He described as deliberate, the neglect of these retired primary school teaching staff by the government, some of whom have neither been paid gratuities nor placed on pension since 1998 to date - "an action which is not only worrisome but barbaric to meritorious and selfless services by these individuals."

Olukoya alleged that the Lagos State Local Government Pensions' Board, custodian of funds meant to cater for both retired local government workers, segregated (discrimination) against teaching and non-teaching staff in the primary schools in disbursement of funds by this agency.

According to the NUT chieftain, the panacea to these problems require the readiness of the Lagos State Local Government Service Commission and the Local Government Pension Board to rightly apply the content of the government enabling circular on their issue and implement the various approved percentage increase in pension allowances.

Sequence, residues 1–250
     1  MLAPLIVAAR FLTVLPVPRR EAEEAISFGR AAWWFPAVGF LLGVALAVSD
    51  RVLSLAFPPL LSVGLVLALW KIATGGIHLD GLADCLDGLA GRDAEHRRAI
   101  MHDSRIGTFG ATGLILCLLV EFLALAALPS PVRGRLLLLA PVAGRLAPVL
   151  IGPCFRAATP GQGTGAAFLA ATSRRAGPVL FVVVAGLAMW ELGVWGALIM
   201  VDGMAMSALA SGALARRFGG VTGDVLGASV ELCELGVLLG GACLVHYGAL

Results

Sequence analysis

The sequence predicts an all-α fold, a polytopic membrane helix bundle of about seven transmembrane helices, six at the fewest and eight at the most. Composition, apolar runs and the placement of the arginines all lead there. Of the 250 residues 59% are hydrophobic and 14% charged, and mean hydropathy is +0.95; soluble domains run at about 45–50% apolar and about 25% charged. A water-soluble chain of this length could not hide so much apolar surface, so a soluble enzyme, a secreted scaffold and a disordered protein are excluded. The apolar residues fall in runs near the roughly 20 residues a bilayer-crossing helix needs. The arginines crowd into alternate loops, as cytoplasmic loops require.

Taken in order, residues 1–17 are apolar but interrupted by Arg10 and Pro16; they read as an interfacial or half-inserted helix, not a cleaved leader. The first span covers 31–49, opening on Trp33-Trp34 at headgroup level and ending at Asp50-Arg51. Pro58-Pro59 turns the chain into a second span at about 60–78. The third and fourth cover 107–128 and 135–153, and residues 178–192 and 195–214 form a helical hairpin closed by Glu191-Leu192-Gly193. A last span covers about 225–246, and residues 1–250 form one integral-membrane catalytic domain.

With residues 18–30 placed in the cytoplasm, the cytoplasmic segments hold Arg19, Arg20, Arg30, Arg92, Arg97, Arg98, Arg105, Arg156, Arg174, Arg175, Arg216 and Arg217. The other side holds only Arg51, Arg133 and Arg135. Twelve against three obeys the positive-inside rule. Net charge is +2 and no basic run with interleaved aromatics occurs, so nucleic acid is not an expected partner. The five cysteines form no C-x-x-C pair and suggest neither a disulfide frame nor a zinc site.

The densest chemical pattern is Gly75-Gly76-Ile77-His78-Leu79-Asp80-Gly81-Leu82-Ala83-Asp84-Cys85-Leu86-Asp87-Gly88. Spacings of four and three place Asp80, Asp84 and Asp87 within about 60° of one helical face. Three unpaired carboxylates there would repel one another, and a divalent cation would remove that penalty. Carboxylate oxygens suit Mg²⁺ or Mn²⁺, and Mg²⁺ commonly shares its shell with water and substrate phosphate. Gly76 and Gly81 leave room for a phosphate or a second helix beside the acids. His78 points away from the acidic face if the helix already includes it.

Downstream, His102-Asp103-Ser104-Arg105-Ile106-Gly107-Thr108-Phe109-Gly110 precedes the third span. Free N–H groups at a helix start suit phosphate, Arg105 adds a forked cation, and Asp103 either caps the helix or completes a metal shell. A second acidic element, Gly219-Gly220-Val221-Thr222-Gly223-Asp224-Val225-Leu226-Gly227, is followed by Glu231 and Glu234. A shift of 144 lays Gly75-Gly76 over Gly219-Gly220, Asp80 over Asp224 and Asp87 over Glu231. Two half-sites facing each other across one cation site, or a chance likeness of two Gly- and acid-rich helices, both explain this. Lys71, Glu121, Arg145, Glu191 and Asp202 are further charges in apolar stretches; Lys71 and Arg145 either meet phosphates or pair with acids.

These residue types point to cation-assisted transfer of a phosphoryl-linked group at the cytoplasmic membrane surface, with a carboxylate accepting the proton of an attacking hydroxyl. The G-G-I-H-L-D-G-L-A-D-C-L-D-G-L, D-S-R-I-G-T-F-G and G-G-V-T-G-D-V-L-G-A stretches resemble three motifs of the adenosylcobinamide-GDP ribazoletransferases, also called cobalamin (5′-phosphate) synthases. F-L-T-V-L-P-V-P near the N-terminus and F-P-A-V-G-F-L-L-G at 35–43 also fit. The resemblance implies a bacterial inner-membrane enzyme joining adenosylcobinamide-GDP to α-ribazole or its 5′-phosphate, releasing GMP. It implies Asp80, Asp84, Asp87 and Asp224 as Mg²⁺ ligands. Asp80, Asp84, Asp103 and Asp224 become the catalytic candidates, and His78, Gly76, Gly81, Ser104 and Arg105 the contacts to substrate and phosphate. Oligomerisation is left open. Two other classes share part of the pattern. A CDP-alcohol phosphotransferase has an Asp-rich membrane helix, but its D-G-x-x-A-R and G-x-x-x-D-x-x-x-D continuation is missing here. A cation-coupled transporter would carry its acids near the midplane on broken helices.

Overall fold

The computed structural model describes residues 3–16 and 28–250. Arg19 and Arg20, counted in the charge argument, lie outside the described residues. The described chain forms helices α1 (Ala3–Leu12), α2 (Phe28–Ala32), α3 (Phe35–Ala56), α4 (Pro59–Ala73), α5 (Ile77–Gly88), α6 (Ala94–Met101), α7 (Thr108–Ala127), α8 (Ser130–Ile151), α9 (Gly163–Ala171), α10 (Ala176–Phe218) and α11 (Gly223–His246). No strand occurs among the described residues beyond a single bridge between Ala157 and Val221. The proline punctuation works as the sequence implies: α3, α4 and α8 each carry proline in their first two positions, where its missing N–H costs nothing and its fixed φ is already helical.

"As it is the desire of all to live and eat the fruits of his/her labour, it is therefore most necessary now, to urgently place the retired primary school teachers on monthly pension to save them from psychological, emotional, and mental trauma, even, from untimely death. The union with all modesty opines the need to legislate on creation of Lagos State Primary School Pension Board as a means to providing a long lasting solution to this age-long problem."

A soothing balm came from the Commissioner for Education, Dr. Olakunle Lawal, when he told the gathering that teachers' welfare receive prompt attention from government, adding: "it is our determination to ensure that the teacher is not unnecessarily marginalised in the scheme of things."

Lawal mentioned two major developments already taking place in Lagos State . These are; (i) The prompt dispatch with which government has been addressing the question of pension for retired primary school teachers. Soon, government will come out with a firm and concrete position on this issue. (ii) A Retirement Housing Scheme (RHS) otherwise known as Teachers' Village (TV), which Governor Asiwaju Bola Tinubu has unfolded as a package to enable teachers own their own homes before they retire from service.